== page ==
Overview and Highlights of Chapter Amendment to S.5825, A.8496
Quick Summary. The State and City of New York and the taxicab industry are approaching an important crossroads in the integration and expansion of wheelchair-accessible cabs.
- Op-ed in the January 5, 2012 edition of The New York Times entitled "Hailing the Wrong Taxi," by Matthew Daus.
- Print-friendly version of "Overview of Chapter Amendment to S.5825 and A.8496, Including Wheelchair Street Hail Highlights."
On December 21st, 2011, New York State Governor Andrew Cuomo signed a Chapter Amendment to the laws of 2011 (the "Chapter Amendment") which authorizes New York City ("NYC") to issue (i) up to 2,000 new taxicab licenses to vehicles that are accessible to individuals with disabilities, (ii) 18,000 hail vehicle licenses; (iii) up to 450 hail base permits to for-hire base stations; and to amend the state tax law, NYC administrative code and the state vehicle and traffic law, in relation to taxicabs and hail licenses.
This new law is expected to significantly impact NYC for-hire ground transportation, as well as raise government revenue from the sale of new medallions and hail permits. Highlights include new oversight authority being vested in the Governor via the NY State Department of Transportation (DOT), as well as several direct delegations of authority to the Mayor of NYC and the TLC, with a reduced advisory role accorded to the NYC Council. This new law could increase the total size of the wheelchair accessible fleet to 5832: comprised of 2232 (or 17%) of all 12,237 yellow taxicabs, and up to 3600 of the 18,000 livery street hail permit vehicles. Also, the Chapter Amendment authorizes the first-ever government subsidy fund and grant program in the amount of $54 million for accessible vehicle wheelchair ramp retrofitting. In addition to the staggered issuance of permits, several significant reports must be prepared on the new hail permits and accessibility initiatives. Other provisions authorize a 50 cent surcharge to apply to these new vehicles, to be paid by passengers and collected and recorded by owners. Holding it all together are increased fines and penalties for engaging in illegal street hails without required permits. The Chapter Amendment has many nuances and the implementation of these systemic changes will be determined largely by subsequent regulations, studies, legal interpretation and litigation. Subsequent TLC regulations will govern the procedures for not only medallion auctions, but also for how the new base and vehicle hail permits and accessible grants will be distributed.
To further complicate developments, just two days after the passage of this new law, Federal District Judge George Daniels issued a decision in Noel v. TLC that appears to halt the issuance of any permits under the Chapter Amendment until he approves a TLC plan. This legal action was commenced by disability advocates, and the Court found that the TLC discriminated against wheelchair users under the Americans with Disabilities Act (ADA). While the legislative intent of the Chapter Amendment concludes that taxis and liveries are part of the "mass transit system", the Court found that the TLC does not operate a "public transportation system" under the ADA. However, the Court did find that based on the limited number of approved wheelchair accessible vehicle models and vehicles in the overall fleet, that the TLC does not provide "meaningful access" for disabled passengers in violation of the ADA.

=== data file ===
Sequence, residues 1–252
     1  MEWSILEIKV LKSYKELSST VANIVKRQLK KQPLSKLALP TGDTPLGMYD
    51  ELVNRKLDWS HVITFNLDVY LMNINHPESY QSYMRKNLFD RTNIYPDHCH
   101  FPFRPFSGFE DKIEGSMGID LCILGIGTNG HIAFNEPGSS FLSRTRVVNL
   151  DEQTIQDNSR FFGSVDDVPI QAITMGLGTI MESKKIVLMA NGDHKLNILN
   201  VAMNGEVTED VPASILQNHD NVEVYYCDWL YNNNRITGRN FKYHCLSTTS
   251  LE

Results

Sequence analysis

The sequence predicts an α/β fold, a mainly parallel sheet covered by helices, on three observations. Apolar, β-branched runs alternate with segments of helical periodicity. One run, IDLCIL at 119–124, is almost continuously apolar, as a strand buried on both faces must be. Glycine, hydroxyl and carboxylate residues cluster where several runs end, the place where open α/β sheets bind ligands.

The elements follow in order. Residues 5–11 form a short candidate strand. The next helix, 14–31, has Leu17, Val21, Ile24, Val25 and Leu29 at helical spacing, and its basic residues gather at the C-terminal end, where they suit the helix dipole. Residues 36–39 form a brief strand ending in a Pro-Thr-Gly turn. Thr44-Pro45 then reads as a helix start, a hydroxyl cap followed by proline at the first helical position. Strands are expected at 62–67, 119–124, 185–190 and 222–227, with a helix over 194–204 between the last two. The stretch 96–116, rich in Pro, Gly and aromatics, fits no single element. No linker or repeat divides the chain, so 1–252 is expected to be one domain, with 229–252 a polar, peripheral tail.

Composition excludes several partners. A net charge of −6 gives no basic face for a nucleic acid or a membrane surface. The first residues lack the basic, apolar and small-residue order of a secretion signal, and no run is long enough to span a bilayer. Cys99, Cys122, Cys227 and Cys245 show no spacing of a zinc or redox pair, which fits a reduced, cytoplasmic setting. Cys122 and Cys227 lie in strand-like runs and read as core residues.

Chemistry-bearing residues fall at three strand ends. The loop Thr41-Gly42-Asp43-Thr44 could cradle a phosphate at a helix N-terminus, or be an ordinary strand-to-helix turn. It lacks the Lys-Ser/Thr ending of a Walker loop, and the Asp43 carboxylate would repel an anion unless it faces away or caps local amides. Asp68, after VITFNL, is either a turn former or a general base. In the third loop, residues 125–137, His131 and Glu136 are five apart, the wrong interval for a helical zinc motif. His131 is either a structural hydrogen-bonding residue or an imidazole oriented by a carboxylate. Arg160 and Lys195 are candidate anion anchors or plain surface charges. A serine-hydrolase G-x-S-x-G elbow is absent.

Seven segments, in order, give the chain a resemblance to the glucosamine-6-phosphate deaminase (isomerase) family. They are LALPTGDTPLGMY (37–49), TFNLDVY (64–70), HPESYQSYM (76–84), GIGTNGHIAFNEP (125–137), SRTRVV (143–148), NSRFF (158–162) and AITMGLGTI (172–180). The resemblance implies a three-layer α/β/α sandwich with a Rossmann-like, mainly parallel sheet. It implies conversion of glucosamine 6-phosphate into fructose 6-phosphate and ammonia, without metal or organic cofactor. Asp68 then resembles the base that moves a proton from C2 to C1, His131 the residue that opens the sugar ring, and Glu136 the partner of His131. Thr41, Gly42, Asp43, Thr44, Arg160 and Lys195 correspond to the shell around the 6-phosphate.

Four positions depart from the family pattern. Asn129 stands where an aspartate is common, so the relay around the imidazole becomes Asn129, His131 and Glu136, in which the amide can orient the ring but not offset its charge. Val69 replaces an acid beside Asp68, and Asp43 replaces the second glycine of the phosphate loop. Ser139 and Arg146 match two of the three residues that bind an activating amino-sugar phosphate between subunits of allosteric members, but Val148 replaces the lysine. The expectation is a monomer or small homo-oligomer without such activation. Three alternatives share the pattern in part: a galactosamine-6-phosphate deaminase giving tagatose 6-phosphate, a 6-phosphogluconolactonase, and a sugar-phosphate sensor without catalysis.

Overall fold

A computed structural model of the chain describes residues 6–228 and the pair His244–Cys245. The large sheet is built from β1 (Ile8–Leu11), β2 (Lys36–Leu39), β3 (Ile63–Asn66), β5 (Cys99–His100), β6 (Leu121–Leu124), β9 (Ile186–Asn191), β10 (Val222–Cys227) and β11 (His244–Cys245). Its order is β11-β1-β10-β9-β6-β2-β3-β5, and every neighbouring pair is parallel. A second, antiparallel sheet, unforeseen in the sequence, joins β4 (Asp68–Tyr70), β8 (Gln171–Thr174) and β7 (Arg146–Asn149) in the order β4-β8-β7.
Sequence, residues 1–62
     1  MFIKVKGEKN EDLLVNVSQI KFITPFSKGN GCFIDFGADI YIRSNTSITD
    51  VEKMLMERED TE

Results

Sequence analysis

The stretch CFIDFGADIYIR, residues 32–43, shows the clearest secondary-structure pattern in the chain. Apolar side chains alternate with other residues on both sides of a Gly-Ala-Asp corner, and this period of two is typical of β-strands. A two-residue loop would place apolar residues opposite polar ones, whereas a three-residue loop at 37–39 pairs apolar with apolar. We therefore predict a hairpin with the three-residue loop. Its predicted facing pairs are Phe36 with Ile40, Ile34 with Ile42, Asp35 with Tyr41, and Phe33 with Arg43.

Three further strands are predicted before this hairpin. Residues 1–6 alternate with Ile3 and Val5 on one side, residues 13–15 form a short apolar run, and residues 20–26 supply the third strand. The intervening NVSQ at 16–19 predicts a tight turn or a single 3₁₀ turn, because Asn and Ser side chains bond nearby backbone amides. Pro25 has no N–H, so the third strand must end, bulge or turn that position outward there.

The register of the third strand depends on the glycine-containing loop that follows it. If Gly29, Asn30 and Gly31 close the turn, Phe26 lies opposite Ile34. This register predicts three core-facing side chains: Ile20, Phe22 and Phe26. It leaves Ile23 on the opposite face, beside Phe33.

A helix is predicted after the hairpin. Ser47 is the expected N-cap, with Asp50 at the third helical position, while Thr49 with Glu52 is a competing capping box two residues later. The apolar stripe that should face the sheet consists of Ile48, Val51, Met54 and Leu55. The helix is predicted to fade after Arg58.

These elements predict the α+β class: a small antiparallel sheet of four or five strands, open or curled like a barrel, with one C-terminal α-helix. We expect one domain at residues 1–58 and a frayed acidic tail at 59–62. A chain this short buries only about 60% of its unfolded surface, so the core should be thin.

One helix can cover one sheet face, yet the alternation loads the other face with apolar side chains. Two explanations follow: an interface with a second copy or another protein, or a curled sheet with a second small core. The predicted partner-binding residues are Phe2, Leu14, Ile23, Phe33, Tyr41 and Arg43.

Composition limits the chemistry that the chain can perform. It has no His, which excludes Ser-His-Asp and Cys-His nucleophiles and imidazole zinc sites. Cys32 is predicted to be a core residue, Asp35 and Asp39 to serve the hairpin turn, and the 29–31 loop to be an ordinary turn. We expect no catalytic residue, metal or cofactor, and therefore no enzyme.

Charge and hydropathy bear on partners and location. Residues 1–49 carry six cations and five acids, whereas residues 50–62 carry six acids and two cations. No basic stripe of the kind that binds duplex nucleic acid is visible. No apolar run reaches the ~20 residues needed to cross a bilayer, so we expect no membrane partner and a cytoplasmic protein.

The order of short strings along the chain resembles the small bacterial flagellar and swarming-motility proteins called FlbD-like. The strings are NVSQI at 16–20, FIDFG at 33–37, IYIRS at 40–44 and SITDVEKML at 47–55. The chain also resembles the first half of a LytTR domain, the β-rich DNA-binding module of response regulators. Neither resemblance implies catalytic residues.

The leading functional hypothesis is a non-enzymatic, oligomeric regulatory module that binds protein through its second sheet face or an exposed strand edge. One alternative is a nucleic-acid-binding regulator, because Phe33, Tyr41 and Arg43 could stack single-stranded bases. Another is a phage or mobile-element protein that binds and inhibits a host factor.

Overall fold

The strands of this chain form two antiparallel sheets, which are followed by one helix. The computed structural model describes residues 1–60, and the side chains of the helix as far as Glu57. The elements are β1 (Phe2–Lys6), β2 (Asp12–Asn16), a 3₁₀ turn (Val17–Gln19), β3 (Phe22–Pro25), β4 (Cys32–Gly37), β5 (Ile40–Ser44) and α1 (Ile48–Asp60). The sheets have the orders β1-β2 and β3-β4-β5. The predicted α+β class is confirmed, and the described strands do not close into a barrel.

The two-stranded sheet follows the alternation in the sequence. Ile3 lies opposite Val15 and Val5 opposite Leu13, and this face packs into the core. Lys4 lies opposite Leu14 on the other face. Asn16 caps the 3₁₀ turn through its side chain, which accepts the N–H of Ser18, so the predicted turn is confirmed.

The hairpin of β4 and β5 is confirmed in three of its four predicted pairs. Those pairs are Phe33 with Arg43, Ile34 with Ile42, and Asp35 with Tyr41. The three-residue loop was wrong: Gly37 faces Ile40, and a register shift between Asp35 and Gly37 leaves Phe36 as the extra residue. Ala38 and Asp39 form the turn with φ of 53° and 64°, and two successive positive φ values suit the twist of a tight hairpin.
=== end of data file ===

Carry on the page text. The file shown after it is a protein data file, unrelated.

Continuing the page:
Full text of this regulatory update plus "Wheelchair Street Hail Highlights" is available here. This is not intended to contain legal advice or opinion, but is being provided for your informational purposes.
If you wish to obtain further information, guidance or advice concerning the potential impact of this new legislation on your business, please contact Matthew Daus at firstname.lastname@example.org or at (212) 237-1106.
Windels Marx is dedicated to serving ground transportation and related businesses. We counsel companies of all sizes on a broad range of transportation matters, including regulatory compliance, strategic planning, administrative law, and public policy throughout the United States and internationally. We also work with government regulators - both domestic and foreign - that seek our assistance in improving their transportation services or re-engineering their systems and infrastructure. Combining regulatory expertise, a multidisciplinary approach, and a solid grasp of the transportation industry's unique operations and issues, we help clients to solve complex legal problems and achieve their business goals. At the same time, we never lose sight of the need to promote public safety and enhance customer service. Learn more about transportation.